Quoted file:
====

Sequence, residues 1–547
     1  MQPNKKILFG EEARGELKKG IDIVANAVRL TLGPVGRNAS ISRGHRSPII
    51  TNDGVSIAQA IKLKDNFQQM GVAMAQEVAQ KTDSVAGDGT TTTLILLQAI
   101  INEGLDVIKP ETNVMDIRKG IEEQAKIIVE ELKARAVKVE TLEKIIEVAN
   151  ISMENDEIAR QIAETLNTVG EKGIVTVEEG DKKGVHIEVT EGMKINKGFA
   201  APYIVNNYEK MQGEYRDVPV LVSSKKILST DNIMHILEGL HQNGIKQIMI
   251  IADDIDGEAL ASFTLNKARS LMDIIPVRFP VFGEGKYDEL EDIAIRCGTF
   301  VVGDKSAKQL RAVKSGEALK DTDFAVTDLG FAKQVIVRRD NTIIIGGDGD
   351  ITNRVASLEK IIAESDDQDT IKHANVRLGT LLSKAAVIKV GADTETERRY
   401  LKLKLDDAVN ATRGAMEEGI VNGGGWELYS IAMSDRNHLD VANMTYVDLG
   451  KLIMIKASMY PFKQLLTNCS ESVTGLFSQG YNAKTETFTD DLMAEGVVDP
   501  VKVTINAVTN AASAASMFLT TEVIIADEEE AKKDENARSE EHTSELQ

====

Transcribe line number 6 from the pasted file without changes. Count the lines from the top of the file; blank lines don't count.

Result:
   201  APYIVNNYEK MQGEYRDVPV LVSSKKILST DNIMHILEGL HQNGIKQIMI